If you spend any time with the Cirrus team or have been in one of our development workshops, you’ve heard us say that healthy organizations are run by areas of responsibility rather than titles. I was reminded of this when I read The Washington Post (NYSE:WPO) blog “Zappos Says Goodbye to Bosses.”
It can be very easy as an organization grows for managers to hide behind titles and push responsibility down the chain of command. We see that very clearly in government. It’s often the low-level employee that takes the fall for failures and the person at the top all too ready to receive the accolades for success. This is a sure-fire way to create a disengaged workforce.
As #Zappos grew, they noticed that the bureaucracy they needed to run the business was getting in the way of their agility. It was taking longer to respond to customers and markets. This is a textbook case of the organizational life-cycle and why innovation is so difficult in large organizations. As organizations grow they must have systems and processes to create predictable results. However, the systems that are designed to produce “sameness” don’t do innovation or agility well.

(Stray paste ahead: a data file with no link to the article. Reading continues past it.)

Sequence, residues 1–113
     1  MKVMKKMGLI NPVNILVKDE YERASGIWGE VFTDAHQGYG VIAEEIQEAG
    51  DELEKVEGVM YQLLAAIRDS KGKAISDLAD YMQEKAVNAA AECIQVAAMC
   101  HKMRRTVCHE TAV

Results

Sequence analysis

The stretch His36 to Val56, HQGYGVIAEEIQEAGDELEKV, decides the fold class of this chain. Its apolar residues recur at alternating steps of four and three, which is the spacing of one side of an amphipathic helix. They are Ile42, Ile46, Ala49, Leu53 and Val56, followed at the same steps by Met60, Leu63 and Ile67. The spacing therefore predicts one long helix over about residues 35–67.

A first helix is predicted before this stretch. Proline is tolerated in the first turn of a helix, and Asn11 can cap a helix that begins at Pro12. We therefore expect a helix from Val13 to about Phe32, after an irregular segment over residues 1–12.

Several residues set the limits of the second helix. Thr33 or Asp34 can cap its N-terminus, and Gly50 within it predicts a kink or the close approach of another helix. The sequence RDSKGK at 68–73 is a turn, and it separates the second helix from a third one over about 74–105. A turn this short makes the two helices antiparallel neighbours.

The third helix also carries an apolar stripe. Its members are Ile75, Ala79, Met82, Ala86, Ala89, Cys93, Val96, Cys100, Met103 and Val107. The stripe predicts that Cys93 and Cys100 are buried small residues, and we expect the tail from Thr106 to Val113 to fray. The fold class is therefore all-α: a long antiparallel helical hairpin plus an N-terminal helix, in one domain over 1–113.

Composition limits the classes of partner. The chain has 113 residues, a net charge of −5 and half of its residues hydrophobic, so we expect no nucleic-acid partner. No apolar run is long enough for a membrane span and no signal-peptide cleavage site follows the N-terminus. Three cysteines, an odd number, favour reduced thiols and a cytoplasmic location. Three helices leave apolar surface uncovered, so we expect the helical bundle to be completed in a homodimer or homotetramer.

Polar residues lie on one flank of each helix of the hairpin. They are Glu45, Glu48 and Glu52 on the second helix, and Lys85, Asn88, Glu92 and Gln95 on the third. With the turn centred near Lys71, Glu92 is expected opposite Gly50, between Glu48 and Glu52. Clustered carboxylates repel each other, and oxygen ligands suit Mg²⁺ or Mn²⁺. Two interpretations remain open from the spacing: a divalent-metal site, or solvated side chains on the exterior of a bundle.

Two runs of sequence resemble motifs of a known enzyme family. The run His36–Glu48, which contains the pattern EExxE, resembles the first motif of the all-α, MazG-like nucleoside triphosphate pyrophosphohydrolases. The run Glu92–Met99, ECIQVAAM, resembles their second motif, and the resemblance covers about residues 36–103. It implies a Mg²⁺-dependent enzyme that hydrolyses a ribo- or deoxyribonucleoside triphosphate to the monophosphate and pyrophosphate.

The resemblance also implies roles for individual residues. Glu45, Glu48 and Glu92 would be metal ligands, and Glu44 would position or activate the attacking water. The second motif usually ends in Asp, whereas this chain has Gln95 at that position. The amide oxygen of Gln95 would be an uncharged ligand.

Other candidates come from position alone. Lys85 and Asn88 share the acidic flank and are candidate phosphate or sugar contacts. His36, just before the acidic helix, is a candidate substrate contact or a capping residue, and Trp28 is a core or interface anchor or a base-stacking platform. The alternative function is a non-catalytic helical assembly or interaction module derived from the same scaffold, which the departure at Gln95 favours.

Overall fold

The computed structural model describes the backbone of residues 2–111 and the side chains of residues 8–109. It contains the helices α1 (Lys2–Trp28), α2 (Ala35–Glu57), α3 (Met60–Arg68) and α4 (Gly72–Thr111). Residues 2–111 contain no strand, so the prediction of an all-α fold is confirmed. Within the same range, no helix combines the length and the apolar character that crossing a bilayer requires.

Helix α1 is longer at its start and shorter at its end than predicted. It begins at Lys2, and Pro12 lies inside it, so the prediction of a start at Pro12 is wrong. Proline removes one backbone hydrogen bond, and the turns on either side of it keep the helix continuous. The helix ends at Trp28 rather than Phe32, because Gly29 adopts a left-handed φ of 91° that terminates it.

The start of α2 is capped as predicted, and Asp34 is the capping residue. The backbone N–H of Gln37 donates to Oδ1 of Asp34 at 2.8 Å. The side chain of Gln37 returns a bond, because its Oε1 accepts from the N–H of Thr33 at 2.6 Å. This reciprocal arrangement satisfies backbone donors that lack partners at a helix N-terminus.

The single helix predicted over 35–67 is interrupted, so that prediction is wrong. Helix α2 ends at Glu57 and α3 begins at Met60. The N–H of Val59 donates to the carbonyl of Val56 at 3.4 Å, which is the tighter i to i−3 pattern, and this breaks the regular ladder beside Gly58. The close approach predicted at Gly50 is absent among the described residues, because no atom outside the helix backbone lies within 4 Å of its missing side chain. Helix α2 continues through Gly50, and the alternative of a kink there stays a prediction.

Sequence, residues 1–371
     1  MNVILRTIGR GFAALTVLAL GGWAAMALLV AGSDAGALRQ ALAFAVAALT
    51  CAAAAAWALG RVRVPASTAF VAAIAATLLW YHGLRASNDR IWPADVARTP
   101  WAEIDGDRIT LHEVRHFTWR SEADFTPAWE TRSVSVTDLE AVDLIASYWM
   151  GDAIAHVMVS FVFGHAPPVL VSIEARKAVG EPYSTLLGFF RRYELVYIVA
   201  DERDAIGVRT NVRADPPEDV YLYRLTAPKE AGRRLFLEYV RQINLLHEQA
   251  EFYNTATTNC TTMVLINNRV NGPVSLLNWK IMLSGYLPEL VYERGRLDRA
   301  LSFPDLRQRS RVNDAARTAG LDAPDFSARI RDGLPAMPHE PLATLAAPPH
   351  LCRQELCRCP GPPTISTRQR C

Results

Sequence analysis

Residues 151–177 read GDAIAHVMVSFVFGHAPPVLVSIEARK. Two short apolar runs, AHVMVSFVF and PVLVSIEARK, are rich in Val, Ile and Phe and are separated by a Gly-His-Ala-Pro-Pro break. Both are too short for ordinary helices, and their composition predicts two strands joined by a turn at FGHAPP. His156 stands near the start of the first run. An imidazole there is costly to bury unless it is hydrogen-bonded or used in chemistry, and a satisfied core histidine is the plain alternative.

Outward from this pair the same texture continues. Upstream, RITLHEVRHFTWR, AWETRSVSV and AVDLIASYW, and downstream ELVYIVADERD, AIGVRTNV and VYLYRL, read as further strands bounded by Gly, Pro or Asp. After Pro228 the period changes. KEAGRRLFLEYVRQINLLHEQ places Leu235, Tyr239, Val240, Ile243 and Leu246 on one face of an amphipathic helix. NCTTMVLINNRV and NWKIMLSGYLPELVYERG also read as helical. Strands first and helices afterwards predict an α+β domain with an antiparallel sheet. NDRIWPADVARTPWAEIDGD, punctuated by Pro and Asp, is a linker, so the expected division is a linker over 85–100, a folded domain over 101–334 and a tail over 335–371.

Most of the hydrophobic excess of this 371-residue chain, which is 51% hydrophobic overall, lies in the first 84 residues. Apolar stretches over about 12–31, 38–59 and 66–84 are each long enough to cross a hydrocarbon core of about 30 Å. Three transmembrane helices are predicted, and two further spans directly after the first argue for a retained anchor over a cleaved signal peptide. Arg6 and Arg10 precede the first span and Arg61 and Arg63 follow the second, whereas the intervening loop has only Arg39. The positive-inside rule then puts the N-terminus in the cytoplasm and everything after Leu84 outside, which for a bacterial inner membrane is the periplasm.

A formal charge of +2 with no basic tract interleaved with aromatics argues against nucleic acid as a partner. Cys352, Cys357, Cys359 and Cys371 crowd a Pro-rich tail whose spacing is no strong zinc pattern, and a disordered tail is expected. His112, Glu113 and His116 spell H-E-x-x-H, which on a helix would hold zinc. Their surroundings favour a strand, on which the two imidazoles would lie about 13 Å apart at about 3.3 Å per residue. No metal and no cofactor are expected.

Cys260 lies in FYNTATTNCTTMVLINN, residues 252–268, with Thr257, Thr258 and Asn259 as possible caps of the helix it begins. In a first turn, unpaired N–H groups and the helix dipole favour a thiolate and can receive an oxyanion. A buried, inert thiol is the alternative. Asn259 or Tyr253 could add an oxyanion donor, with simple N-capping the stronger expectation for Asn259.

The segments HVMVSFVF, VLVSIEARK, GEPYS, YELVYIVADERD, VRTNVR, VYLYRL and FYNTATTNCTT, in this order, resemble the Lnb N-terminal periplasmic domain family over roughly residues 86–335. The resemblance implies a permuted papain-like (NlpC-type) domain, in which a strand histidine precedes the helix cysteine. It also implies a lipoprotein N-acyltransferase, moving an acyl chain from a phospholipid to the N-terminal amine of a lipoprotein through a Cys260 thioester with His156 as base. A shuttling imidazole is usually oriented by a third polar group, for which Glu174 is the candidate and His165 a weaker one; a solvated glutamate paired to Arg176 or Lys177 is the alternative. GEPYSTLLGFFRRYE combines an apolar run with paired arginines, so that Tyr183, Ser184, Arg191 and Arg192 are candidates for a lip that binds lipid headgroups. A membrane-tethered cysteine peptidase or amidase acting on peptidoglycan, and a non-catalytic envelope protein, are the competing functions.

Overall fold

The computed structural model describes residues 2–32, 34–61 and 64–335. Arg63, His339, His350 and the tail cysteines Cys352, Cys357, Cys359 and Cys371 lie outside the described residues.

So in a bold move, Zappos is changing to a self-organizing organization. Sure there will be an executive team that is accountable to the #Amazon.com board, but otherwise the company will be made up of self-governing teams. This works very well for project-based work.
The holacracy, as it is called, is not a new concept, and it’s gone by several names over the years. However, it will be interesting to see if this will work over the long term in an organization the size of Zappos. I also have some reservations about whether or not the type of work in which most Zappos employees are engaged is conducive to this structure. We’ll soon see how many folks were just in the boat versus rowing the boat.